government are not subject to direct taxes. Non- corporate business
is subject to personal income taxes, while corporate business is
subject to both corporate and personal income taxes. Businesses and
households are subject to indirect taxes on the value of property.
In order to take these differences in taxation into account each
class of assets is allocated among the five sectors of the U.S.
domestic economy — corporations, non-corporate business,
households, nonprofit institutions, and government.36 The relative
proportions of capital stock by asset class for each sector for
2006 are given in table 6. 34 Eldon Ball of the USDA generously
provided the data on farm land. Richard Anderson of OMB kindly
provided the historical data on government land and inventories in
electronic form. 35 Christensen and Jorgenson (1973) present a
detailed extension of the perpetual inventory method to rental
prices assets. They also provide a prototype accounting system for
the private sector of the U.S. economy with prices and quantities
of capital services for all assets. 36 A detailed derivation of
prices of capital services for all five sectors is given by
Jorgenson and Kun- Young Yun (2001).
For a sector not subject to either direct or indirect taxes, the
capital service price
qK,t is: ],)1([1,, δππ ttttAtK rqq ++−= −
where rt is the nominal rate of return and tπ is the rate of
inflation in the acquisition price of new capital goods. This
formula can be applied to government and nonprofit institutions by
choosing an appropriate rate of return, as described below.37 Given
the rate of return for government and nonprofit institutions,
estimates can be constructed for capital service prices for each
class of assets held by these sectors —land held by government and
institutions, residential and nonresidential structures, producer
and consumer durables.
Households hold consumer durables and owner-occupied dwellings that
are taxed indirectly through property taxes. To incorporate
property taxes into the estimates of the price and quantity of
capital services taxes are added to the cost of capital,
depreciation, and revaluation. The household rate of return is a
weighted average of the rate of interest and the nominal rate of
return on equity in household assets. The weights depend on the
ratio of debt to the value of household capital stock. The nominal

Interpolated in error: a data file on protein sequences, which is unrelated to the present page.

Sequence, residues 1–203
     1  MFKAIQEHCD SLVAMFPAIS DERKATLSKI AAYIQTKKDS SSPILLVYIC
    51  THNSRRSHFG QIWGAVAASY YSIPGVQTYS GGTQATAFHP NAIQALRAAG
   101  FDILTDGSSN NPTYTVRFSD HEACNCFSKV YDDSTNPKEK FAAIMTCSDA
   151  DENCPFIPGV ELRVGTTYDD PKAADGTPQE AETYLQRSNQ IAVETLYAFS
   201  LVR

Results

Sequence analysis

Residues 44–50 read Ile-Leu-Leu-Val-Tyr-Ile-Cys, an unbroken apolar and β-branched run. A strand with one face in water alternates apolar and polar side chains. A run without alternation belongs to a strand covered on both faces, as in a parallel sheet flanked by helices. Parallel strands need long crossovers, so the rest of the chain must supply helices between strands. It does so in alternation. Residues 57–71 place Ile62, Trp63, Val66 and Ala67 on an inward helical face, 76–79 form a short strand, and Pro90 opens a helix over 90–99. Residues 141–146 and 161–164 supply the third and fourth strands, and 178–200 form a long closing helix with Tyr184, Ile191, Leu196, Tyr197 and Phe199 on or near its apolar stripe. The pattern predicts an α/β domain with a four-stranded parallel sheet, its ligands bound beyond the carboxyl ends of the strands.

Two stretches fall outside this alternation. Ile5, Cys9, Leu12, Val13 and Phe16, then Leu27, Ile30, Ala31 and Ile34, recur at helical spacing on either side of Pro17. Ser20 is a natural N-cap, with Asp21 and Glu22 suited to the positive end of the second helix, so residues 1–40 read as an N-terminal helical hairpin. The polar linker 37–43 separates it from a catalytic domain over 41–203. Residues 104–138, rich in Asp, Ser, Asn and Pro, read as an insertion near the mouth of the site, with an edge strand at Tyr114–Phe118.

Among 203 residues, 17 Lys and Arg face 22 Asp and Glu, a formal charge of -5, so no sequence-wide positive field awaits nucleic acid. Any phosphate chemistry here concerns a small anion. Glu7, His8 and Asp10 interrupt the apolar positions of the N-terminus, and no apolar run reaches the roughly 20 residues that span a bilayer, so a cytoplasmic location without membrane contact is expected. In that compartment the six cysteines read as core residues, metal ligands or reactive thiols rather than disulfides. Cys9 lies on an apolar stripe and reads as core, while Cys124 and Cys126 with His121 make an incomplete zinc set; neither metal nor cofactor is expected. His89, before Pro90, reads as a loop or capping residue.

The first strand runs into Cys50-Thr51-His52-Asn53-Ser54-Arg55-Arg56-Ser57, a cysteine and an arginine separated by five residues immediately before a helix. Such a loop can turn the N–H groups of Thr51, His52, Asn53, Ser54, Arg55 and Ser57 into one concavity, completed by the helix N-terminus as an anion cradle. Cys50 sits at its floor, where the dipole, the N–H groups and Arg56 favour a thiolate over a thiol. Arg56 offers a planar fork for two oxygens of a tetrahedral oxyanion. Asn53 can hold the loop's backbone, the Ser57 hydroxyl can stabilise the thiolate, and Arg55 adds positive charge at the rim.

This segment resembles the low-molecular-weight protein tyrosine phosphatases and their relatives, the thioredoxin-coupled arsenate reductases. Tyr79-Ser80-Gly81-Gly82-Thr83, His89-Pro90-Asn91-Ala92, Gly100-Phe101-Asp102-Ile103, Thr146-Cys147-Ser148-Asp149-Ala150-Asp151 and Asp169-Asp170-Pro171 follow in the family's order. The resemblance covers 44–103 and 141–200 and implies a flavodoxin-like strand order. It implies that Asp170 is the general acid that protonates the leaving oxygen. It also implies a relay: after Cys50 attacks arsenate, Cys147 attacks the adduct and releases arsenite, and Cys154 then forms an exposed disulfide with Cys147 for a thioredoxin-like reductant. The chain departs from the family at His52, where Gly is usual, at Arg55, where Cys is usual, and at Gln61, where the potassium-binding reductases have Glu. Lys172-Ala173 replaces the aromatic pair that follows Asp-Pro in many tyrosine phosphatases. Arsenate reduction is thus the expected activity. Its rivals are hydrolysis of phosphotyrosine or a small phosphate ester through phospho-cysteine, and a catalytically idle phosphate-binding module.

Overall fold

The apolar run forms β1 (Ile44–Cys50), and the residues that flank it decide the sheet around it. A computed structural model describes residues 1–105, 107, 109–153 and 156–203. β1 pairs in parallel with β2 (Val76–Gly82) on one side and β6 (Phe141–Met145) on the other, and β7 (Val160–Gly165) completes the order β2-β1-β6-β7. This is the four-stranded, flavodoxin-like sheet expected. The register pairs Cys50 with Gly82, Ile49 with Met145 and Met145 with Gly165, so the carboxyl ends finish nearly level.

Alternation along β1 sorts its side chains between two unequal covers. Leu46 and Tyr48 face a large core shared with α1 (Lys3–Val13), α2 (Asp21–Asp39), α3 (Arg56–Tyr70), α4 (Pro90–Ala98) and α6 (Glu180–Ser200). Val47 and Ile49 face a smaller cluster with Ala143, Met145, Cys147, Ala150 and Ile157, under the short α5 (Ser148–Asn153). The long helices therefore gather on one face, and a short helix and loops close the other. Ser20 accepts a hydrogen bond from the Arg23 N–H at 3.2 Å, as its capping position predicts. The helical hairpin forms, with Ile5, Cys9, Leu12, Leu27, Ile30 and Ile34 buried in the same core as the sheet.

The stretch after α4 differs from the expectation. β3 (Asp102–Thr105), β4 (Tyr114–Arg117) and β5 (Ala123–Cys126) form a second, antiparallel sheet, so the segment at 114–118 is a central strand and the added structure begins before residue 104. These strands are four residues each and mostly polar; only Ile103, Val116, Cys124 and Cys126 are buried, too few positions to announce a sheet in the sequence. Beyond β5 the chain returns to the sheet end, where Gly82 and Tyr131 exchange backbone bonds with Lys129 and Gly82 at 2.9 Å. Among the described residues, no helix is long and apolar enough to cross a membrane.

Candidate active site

rate of return on equity is set equal to the corresponding rate of
return for owner-occupied housing after all taxes. Given the rate
of return for households, estimates of capital service prices can
be constructed for each class of assets held by households—land,
residential structures, and consumer durables. Separate effective
tax rates are employed for owner-occupied residential property,
both land and structures, and for consumer durables.
The main challenge in the measurement of price and quantity of
capital services for non-corporate business is to separate the
income of unincorporated enterprises between labor and property
compensation. Labor compensation of the self-employed is estimated
from the incomes received by comparable categories of employees.38
Property compensation as the sum of income originating in business,
other than corporate business and government enterprises and the
net rent of owner-occupied dwellings, less the imputed labor
compensation of proprietors and unpaid family workers, plus non-
corporate consumption of fixed capital, less allowances for
owner-occupied dwellings and institutional structures, and plus
indirect business taxes allocated to the non-corporate sector. The
statistical discrepancy is allocated to non-corporate property
The personal income tax must be taken into account in order to
obtain an estimate of the non-corporate rate of return. The capital
service price must be modified to incorporate income tax and
indirect business taxes.39 The non-corporate rate of return is a
weighted average of the rate of interest and the nominal rate of
return on non-corporate
37 Alternative methods for imputing the rate of return to capital
are reviewed by Schreyer (2008). 38 Estimation of the labor
compensation of the self-employed is discussed by Jorgenson, Ho,
and Stiroh (2005). 39 Details are given by Jorgenson and Landefeld,
assets with weights that depend on the ratio of debt to the value
of non-corporate capital stock Given data on prices of acquisition,
stocks, tax rates, and replacement rates, capital service prices
can be estimated for each class of assets held by the non-corporate
Finally, corporate property compensation is the income originating
in corporate business, less compensation of employees, plus
corporate consumption of fixed capital, plus business transfer
payments, plus the indirect business taxes allocated to the
corporate sector. The corporate income tax must be taken into
account to obtain an estimate of the corporate rate of return.40
The method for estimating the corporate rate of return is the same
as for the non-corporate rate of return. Property compensation in
the corporate sector is the sum of the value of services from
residential and nonresidential structures, producer durable
equipment, inventories, and land held by the sector.
The nominal rate of return is assumed to be the same for all assets
within a given sector. For the corporate and non-corporate sectors